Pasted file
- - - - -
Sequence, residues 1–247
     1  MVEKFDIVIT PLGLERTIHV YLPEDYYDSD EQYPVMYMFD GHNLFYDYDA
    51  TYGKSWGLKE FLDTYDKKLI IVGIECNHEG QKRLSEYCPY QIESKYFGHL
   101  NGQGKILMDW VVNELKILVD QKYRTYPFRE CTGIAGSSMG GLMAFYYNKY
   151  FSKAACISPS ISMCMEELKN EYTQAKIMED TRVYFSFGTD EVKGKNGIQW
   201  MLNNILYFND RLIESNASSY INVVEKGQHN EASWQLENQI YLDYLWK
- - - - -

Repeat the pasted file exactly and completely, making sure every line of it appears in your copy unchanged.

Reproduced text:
Sequence, residues 1–247
     1  MVEKFDIVIT PLGLERTIHV YLPEDYYDSD EQYPVMYMFD GHNLFYDYDA
    51  TYGKSWGLKE FLDTYDKKLI IVGIECNHEG QKRLSEYCPY QIESKYFGHL
   101  NGQGKILMDW VVNELKILVD QKYRTYPFRE CTGIAGSSMG GLMAFYYNKY
   151  FSKAACISPS ISMCMEELKN EYTQAKIMED TRVYFSFGTD EVKGKNGIQW
   201  MLNNILYFND RLIESNASSY INVVEKGQHN EASWQLENQI YLDYLWK